Lincoln University is set to become the only university campus in the country without a bookshop.
According to the Tertiary Education Union, the university has this week told staff its bookshop will close for good on 31 March, despite receiving more than 100 submissions and a petition with hundreds more calling for it to remain open.
“We haven’t been given any rationale other than there’s a squeeze on funding,” said union president Sandra Grey.
“Over the past decade institutions are getting more students and less funding. Deep cuts happen as a result.”
The Wireless has asked Lincoln University for comment, which is yet to publicly confirm the decision.
Lincoln student president Danyon Thomas said the bookshop, which is open throughout the day, “has a huge convenience factor about it, especially with ours being quite a rural campus”.
He concedes the changing nature of study means many students either don’t use books at all or buy them online. “But I’d equally say there’s just as many who still buy them from the shop”.
He said the bookshop has a community-feel about it.
“There’s something about a bookshop that is quite romantic, and there’s the practical ease of getting things printed on-site and being able to pick up course readers and buy that emergency pen when you forget to bring one.”
The shop also provides post and mail services, and sells confectionery and Lincoln University merchandise. It has quite an active Facebook page.
Thomas said there has been an air of disbelief on campus since it was announced the shop might go.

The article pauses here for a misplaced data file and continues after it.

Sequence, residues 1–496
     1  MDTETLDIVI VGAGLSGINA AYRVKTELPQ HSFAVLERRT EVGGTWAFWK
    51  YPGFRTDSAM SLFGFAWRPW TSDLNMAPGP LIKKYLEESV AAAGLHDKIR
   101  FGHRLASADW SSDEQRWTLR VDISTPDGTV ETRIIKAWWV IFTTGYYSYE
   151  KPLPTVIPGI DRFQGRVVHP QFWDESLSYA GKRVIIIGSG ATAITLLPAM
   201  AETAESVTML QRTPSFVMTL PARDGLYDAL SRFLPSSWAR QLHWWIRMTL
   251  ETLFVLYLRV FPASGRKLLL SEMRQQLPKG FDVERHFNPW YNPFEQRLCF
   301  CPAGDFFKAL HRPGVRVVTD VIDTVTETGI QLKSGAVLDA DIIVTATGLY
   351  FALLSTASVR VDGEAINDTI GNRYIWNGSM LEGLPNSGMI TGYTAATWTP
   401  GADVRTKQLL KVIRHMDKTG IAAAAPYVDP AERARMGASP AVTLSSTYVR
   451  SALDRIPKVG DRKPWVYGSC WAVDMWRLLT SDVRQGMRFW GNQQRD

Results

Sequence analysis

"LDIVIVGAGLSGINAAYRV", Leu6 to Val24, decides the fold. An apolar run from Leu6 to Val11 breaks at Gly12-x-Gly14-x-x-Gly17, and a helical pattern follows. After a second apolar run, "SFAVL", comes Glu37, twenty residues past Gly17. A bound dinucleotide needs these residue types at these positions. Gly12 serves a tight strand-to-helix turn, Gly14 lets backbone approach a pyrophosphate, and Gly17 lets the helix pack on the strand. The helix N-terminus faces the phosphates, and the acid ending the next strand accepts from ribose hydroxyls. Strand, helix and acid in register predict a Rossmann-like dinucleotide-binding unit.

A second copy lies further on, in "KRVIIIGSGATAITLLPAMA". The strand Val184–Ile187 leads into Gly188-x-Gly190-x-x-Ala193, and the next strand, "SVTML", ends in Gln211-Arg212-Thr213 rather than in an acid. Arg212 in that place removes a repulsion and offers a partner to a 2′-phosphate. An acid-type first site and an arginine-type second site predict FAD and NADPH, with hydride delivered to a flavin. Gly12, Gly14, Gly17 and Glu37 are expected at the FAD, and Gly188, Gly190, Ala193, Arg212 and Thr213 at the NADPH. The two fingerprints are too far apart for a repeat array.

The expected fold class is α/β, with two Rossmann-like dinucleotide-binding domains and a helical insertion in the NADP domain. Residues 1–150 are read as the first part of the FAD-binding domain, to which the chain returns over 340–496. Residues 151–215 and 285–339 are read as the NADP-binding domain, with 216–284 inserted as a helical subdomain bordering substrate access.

“That’s been the overwhelming feeling - can we really be the only university campus without a bookshop?,” he said.
“Yes, we’re small and different to other universities, but really, how different are we?”
He hopes the university puts together a clear and easy-to-use alternative plan for students to buy books.
Sandra Grey said the decision seemed like a short-sighted one.
“It is so important to have facilities on campuses that provide specialist services and have people with specialist skills like those who work in the bookshop.”
The half-a-dozen staff members will either be made redundant or redeployed on campus.
Grey said it was a symptom of underfunding across the whole sector. Jobs are going at many institutions, most notably about 180 at Otago University.
The Government has confirmed first-time students will get a free year of study from next year, and three years free by 2024.
As more students are expected to attend university, Grey said she was hopeful institutions will get a fair boost in funding.
“We’re talking with Labour a lot at the moment about how we’ve seen nine years of austerity budgets that have pushed our institutions to the wall.”